Fear as a FriendDec 29, 2022
“There is nothing to fear unless and until you feel fear. Worry, warriness, anxiety and concern all have a purpose, but they are not fear” - Gavin de Becker
We have somehow become convinced that we should aspire to be fearless beings. Rubbish. Fear is a survival response that is involuntary and designed to present in the body in the presence of immediate danger, or the possibility and threat of pain or death.
Fear usually appears to us, through us, unconsciously and for temporary periods of time and is energising rather than deflating. It moves us to take action to save ourselves.
Why would we actively try to become fearless? Its likely you realise that you dont really mean that in a literal sense when you say it - so why say it?
Our words matter. Our languaging matters. Our declared intentions matter.
Most of what we usually assume is fear within our body is more likely to be worry or anxiety or some other emotional state. To some degree, we have some control over these states and for the the most part, they are voluntary. We activate them ourselves. They can persist over time and become chronic - but they do not usually signal immediate threat to life or safety (although it can genuinely feel like that)
Worry, concern, anxiety etc has its place and fulfils functions within our lives - but they are not life saving. Fear can truly be a super power and be life saving, but we must train our experience of fear to be accurate and appropriate.
Learning how to turn down the noise of the constant chatter of unnecessary worries supports us in being able to clearly tune in to true fear when it arises.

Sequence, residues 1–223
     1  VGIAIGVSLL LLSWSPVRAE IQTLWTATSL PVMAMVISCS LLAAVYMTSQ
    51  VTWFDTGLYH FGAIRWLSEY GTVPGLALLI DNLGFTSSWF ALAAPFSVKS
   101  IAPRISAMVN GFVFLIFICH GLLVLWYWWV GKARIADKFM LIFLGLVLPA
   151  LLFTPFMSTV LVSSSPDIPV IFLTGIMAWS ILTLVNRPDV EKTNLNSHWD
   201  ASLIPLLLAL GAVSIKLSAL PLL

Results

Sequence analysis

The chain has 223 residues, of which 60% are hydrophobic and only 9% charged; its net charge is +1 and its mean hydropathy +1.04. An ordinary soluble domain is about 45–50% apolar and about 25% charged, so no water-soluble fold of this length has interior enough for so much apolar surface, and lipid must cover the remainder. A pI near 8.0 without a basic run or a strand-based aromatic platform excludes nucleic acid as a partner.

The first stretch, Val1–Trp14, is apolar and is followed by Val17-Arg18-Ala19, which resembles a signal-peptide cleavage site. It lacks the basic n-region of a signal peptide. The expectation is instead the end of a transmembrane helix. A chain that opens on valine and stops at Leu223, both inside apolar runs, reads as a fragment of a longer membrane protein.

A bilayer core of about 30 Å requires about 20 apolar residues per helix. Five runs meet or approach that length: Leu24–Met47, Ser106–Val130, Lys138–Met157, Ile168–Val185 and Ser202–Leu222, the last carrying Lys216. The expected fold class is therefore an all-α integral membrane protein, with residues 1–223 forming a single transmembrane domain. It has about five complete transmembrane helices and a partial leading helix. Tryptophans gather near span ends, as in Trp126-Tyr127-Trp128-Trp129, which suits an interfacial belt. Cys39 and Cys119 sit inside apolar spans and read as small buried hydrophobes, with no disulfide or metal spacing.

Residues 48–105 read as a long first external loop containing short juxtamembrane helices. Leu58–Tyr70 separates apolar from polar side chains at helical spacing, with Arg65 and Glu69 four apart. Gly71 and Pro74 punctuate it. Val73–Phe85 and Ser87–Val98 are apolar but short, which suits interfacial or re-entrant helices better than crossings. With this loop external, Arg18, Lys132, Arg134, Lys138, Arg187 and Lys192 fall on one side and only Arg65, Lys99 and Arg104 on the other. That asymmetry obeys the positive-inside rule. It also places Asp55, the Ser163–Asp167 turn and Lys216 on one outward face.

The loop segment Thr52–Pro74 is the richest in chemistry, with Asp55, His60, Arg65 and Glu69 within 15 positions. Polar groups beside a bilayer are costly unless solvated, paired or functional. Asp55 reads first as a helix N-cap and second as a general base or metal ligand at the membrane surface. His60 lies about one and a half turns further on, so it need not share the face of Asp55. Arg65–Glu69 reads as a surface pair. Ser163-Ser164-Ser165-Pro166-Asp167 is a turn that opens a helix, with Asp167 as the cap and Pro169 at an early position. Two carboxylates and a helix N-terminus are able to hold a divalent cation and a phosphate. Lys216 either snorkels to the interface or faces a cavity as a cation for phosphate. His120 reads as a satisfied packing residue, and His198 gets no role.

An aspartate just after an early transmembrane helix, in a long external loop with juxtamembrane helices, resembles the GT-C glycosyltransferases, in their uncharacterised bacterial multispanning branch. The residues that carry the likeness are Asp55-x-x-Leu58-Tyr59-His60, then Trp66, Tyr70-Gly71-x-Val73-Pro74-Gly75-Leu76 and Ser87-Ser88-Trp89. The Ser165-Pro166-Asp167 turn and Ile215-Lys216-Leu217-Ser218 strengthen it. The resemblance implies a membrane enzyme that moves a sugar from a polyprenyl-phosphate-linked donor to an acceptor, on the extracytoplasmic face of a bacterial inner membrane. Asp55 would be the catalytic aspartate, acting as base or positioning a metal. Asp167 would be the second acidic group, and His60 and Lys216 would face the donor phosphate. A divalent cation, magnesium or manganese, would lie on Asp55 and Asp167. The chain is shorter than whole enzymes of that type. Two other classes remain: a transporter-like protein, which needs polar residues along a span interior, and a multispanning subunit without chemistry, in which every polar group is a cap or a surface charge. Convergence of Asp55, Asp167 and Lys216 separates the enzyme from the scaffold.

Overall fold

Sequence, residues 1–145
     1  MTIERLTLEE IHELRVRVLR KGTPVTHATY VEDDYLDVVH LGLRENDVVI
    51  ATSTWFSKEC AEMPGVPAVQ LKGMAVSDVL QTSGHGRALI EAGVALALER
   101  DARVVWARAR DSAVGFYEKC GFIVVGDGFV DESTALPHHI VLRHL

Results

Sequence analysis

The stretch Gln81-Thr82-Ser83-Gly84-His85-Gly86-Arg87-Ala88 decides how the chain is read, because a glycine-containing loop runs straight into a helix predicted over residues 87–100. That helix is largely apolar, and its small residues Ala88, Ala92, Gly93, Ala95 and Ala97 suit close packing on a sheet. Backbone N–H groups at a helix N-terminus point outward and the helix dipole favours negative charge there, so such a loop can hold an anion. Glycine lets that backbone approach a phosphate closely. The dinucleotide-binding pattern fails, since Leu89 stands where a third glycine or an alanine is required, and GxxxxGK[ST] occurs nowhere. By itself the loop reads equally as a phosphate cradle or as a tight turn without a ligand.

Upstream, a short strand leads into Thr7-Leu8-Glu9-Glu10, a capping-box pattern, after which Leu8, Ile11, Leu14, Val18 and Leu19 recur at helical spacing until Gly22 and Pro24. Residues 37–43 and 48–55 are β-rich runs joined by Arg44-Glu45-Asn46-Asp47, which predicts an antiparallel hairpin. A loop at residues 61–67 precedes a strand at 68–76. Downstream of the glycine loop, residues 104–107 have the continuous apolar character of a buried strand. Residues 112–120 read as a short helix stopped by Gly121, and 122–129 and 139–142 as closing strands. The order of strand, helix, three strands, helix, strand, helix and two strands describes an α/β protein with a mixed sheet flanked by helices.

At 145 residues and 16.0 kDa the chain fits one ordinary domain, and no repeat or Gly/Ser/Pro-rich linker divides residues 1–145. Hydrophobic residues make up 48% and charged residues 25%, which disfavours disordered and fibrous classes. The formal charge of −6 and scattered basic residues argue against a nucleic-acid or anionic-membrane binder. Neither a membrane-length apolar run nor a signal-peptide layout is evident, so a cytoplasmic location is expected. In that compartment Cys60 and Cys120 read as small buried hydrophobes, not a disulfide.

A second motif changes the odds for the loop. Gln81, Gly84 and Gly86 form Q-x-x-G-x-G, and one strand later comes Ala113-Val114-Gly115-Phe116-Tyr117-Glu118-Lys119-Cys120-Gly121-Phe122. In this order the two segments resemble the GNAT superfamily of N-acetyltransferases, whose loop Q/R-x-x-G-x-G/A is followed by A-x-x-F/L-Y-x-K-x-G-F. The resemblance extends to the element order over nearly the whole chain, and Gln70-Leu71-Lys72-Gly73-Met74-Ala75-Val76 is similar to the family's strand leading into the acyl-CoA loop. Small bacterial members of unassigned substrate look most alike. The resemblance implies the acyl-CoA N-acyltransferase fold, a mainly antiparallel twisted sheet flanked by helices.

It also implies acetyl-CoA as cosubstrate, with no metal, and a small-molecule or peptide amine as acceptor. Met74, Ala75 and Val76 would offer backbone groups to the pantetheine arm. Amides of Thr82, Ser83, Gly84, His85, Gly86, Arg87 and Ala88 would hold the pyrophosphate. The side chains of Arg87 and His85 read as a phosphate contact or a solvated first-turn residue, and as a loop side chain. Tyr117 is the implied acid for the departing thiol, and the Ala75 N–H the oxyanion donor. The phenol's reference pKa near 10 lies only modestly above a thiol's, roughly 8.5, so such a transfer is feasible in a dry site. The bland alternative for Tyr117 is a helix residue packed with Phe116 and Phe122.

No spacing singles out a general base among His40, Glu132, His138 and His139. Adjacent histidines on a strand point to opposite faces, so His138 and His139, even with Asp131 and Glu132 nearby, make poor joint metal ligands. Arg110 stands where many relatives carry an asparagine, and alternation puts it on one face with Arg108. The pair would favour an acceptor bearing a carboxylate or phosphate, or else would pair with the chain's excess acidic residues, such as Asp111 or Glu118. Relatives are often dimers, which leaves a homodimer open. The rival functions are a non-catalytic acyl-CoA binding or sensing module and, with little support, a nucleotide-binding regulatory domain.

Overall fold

1. List 3 things you are currently worried or anxious about.
For each one ask yourself - does this present immediate danger to me right now in this moment? Does this indicate immediate pain, death or serious injury?
This prompt supports us in noticing what is a genuine fear and what is worry.
2. Describe your worries clearly. “Im feel anxious about…”
Write them down, speak them to yourself, a coach or a trusted friend.
3. Ask yourself to reflect on the worry by considering “how does this worry serve me?”
Often our worry is supporting us to feel like we are doing something about a situation that very well might need our attention - but our worry isnt actually doing anything.
4. Create an action plan to act on worries that do need your attention.
5. See if you can let go of the worries that cannot be supported by your effort, energy or attention in this moment.
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